Malvern Hills

Malvern Hills (Malvern Hills Conservators)

 

Reserve Name     Malvern Hills

Managing Authority     Malvern Hills Conservators

Address
Malvern Hills Conservators
Manor House
Grange Road
Malvern
Worcestershire
WR14 3EY

Phone Number     01684 892002
Email     conservators@malvernhills.org.uk
Website     Visit Website
Google Map Link     See Location on Google Map

Access (Transport)

Parking & Toilet Provision

Opening Hours

Admission Charges

Description of Habitat & Facilities

The Malvern Hills

 

At first sight, the Malvern Hills look a bit of a no-go area for the disabled, but my wife and mother have had a number of trips near the tops and seen some interesting birds.  The best time for birding is early in the morning and the hills can become quite busy with walkers at weekends and bank holidays in the summer.

Worcestershire – The Malvern Hills – British Camp area

 

Owned by the Malvern Hills Conservators

A good starting point is the path leading from the car park (SO763405) at British Camp which goes between the Hill Fort and the reservoir.  There two starts to the path, the one at the bottom of the car park is the best, but even there is difficulty 5 at the start because of the steepness of the path for the first 100 metres or so which requires a good quality scooter or a bit of assistance.  Thereafter the path, which is generally exposed stone, becomes difficulty 3 or 4.  It is possible to continue to Hangman’s Hill, although the difficulty becomes 5 again towards the end.  The views are excellent.

Birds – Buzzard, Kestrel, Raven, Meadow Pipit, various Warblers.  See the Malvern Hills Conservators website

Other wildlife – Butterflies (including Small Heath, Small Copper), Fungi, Flowers.

Worcestershire – The Malvern Hills – Castlemorton and Hollybed Commons

 

Owned by the Malvern Hills Conservators

Castlemorton Common (SO790393) can be a bit of a quagmire, particularly in winter, but sometimes even in summer.  However there is a good paved road which penetrates fairly well in and has little motor traffic allowing easy access with a difficulty level of 1.  Turn right off the B4208 about 500 metres south of Welland village onto the asphalted track and park on the grass.  The track then continues for the best part of a kilometre.  The upper parts of Castlemorton Common can be reached from the car park at Berrow Downs (SO766382).  There are various grass and stone surfaced tracks here with difficulty levels of 3 to 5.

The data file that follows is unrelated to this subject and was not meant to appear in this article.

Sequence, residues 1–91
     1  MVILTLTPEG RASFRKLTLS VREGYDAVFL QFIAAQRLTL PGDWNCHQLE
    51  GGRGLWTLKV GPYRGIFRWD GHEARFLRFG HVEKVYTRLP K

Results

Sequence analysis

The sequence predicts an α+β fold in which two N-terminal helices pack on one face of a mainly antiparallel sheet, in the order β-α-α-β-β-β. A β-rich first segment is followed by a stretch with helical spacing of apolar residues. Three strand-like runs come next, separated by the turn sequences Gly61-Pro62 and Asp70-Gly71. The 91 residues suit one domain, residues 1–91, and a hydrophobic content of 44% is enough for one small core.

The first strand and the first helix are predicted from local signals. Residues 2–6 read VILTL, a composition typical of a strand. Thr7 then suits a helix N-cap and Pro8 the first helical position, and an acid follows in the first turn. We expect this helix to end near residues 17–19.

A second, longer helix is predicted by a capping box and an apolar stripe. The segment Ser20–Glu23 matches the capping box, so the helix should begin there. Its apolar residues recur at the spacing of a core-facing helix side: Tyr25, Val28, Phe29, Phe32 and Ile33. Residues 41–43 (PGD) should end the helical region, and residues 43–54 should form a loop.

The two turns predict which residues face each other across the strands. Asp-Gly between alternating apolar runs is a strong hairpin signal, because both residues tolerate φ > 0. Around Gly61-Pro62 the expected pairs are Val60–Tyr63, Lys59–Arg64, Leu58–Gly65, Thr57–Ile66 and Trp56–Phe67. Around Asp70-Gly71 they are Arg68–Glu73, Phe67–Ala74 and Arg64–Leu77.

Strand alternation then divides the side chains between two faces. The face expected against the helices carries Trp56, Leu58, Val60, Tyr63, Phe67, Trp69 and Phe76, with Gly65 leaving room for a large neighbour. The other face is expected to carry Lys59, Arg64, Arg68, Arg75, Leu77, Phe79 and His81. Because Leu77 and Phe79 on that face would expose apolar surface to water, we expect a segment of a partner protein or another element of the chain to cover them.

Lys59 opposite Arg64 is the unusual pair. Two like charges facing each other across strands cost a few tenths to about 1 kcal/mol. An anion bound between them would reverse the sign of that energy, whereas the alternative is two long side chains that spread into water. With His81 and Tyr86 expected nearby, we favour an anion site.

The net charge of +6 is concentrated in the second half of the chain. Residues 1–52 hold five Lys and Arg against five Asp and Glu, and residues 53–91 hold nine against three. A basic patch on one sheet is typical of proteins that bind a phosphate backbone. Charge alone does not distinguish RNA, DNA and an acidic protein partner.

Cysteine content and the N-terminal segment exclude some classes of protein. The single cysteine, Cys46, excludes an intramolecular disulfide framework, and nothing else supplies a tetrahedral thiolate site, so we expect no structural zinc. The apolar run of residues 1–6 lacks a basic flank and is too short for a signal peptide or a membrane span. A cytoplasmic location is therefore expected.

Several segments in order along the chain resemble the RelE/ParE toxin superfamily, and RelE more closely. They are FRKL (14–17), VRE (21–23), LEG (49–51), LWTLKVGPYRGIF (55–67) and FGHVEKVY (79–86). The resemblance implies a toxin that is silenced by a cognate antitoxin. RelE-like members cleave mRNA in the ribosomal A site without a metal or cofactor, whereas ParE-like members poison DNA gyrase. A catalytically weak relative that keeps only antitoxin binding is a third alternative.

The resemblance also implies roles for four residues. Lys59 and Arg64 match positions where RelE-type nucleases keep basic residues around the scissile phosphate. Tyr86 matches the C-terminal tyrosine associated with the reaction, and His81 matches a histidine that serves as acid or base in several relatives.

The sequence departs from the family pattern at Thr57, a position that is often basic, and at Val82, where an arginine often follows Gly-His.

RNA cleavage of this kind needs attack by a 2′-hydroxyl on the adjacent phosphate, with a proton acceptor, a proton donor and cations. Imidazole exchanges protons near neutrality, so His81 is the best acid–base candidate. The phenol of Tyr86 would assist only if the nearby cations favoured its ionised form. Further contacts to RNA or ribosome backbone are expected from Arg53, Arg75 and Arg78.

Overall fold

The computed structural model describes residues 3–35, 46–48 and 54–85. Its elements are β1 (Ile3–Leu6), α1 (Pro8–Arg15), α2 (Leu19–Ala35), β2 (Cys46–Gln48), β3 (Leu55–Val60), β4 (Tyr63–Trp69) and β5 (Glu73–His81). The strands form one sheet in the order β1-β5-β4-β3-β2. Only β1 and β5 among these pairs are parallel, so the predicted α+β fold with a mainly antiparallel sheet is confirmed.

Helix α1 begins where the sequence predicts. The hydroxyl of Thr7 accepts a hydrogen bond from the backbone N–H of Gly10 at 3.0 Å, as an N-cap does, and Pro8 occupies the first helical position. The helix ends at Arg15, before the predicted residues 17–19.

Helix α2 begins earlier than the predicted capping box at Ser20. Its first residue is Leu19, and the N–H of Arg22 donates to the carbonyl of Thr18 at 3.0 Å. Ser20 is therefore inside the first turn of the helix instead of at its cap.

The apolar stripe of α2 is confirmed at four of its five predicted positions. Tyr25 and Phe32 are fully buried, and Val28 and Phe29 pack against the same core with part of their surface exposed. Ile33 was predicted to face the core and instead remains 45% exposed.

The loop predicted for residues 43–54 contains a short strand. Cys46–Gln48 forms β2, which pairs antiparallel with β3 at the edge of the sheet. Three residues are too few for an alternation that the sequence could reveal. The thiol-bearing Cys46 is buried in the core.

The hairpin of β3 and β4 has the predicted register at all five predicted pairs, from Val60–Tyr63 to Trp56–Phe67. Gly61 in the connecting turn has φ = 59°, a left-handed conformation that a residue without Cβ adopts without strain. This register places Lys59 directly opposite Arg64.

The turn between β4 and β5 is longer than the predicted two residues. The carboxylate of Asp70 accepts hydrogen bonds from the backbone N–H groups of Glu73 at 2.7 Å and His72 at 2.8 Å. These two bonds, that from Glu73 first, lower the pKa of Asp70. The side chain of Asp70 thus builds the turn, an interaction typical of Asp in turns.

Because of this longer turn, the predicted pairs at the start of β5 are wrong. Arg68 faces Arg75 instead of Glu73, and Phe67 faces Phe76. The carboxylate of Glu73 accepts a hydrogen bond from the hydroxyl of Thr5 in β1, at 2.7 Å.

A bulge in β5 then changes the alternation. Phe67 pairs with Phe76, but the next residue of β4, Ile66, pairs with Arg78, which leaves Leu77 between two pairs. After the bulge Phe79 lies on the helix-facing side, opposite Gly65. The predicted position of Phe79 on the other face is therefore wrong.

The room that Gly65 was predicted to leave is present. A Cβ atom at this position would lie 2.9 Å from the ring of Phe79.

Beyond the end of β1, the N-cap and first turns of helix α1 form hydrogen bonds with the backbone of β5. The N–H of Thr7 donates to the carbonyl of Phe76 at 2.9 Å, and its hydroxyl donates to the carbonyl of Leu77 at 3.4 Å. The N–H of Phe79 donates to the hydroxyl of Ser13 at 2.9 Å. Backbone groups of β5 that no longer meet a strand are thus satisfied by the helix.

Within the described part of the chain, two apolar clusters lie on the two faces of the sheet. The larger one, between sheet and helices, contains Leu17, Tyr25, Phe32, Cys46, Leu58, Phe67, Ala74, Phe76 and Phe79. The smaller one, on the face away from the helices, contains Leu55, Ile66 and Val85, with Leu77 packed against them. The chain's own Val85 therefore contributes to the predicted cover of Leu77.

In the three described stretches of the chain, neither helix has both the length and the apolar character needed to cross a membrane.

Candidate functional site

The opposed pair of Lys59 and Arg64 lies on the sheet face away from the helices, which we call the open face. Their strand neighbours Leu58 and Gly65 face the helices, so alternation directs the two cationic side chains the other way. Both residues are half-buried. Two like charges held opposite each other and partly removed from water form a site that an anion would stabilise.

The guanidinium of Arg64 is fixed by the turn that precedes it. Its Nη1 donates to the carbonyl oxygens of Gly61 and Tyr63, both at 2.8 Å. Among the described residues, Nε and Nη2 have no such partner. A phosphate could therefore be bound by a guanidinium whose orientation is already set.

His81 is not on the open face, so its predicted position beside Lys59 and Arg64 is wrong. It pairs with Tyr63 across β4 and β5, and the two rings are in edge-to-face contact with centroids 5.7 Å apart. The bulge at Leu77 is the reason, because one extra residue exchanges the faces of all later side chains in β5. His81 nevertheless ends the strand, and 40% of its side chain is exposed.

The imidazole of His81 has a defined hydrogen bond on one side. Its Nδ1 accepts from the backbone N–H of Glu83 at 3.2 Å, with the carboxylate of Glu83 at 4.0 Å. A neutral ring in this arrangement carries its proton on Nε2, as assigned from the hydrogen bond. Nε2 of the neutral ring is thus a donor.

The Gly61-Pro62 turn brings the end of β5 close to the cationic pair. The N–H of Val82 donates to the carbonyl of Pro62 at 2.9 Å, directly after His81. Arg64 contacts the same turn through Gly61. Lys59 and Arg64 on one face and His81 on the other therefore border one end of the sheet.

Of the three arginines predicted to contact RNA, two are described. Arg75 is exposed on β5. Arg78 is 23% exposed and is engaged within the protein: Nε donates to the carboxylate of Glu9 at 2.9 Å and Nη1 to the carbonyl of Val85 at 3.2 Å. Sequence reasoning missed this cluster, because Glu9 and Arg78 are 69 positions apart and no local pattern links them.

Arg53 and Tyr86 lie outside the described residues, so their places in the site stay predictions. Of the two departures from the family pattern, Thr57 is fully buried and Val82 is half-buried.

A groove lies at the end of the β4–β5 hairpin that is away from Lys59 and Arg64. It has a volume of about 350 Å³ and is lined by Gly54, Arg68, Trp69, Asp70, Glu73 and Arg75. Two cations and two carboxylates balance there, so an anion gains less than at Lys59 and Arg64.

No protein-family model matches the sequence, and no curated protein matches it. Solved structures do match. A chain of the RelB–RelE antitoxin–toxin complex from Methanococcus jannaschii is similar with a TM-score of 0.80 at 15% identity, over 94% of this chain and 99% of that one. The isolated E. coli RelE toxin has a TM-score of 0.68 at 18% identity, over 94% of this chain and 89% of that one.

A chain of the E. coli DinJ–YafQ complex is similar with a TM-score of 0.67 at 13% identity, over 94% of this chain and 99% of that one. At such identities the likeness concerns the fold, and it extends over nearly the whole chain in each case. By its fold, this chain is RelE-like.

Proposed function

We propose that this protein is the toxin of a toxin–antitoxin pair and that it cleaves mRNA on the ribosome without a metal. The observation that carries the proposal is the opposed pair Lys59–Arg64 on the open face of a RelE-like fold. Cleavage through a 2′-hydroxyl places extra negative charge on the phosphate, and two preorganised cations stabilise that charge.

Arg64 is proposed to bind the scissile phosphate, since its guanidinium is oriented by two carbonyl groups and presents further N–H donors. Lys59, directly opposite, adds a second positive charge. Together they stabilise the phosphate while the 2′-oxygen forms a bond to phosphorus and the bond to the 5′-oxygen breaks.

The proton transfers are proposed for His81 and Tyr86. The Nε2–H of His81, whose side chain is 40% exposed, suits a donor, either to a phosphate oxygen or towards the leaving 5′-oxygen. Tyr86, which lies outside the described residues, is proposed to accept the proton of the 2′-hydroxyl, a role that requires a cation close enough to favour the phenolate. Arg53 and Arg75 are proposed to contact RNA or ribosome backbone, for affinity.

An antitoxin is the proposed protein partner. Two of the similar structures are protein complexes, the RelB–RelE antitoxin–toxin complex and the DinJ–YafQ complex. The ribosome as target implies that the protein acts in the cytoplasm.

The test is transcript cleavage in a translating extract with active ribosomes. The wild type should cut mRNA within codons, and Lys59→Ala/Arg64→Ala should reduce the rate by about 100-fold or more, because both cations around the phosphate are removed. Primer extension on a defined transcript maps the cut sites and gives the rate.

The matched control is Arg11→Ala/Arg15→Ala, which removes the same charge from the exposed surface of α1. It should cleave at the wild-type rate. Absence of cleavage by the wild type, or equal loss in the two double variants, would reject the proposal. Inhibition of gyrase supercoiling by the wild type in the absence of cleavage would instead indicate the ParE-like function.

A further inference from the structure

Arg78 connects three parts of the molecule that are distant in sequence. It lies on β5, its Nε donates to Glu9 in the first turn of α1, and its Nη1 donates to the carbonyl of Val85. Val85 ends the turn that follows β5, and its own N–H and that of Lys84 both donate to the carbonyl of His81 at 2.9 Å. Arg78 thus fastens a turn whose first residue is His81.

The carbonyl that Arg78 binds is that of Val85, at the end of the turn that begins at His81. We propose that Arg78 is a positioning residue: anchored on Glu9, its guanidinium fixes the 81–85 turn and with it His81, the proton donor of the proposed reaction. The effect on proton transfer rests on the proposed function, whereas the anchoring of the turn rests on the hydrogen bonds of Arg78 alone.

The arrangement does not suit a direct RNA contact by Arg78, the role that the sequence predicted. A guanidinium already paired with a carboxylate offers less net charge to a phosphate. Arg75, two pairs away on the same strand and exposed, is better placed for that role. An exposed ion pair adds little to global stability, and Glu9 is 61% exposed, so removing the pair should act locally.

Birds – Turtle Dove (now rare), Stonechat, Green Woodpecker, Warblers.  See the Malvern Hills Conservators website

Other wildlife – Butterflies (including Marbled White, but not easily seen from track

Hollybed Common (SO775371) is similar to Castlemorton Common, but more compact.  Park somewhere near the Mill Pond and there are various grass surfaced paths with difficulty levels 3 or 4.

Birds and wildlife as Castlemorton Common, but can be better for Turtle Dove.

Worcestershire – The Malvern Hills – Easy access path

Owned by the Malvern Hills Conservators

This path has been introduced by the Malvern Hills Conservators to improve access for disabled people and details can be found on their website.

There are two disabled car parking spots and a gently rising path leads up to the ridge line of the hills.  Difficulty level 1 at this point.  Once beyond this point the difficulty level rises, with one steep stretch taking the level to 4, but otherwise it is possible to continue for about a mile northwards on a reasonable surface for electric scooters.

Birds – Not the best place on the hills for birds as it is a very popular part with walkers, but the common birds such as Buzzard, Raven, Meadow Pipit etc. can usually be seen.  See the Malvern Hills Conservators website

Description of Trails

Trail Surfaces

Number of Hides

Description of Hides [By name or number]

Target Species

Nearby Sites
Grimley – Owned by Tarmac Ltd

The site is divided into two parts, the old workings and the new workings. The new workings are generally the most interesting, although the old workings have thrown up rarities like Spotted Crake in the past. However they are now becoming overgrown and are not as accessible as before. So this concentrates on the new workings.

The new workings (SO834594) are formed from gravel extraction, which is still in progress. They attract a wide variety of water birds, particularly in winter and on migration. The centre of the water is quite deep and thus attracts diving ducks and grebes, but there are fringes which attract dabbling ducks and waders. This site is potentially as good as Upton Warren, but is much less watched apart from a few stalwarts.

At present access is poor for disabled people. From Grimley village, proceed up Camp Lane towards the Camp House Inn, park on the grass verge at the top of the track going down towards the river and the Inn. Then proceed back up the lane towards Grimley village to the black corrugated iron barn on the left opposite the farm house. Here there is a stile, which is the only significant impediment to disabled people, from this go 10 metres to the other side of the barn to view the entire workings. A local enthusiast keeps a notice board here which has information on the birds to be seen and the latest sightings.

There are plans by Tarmac, I believe, to build a proper hide with parking on the site of the barn, which will be demolished. Hopefully this will include provision for disabled people. This report will be amended when it happens.

Contributor     Sally Saunders

Contributors Email     Sandy.saunders@dsl.pipex.com

Date Last Updated

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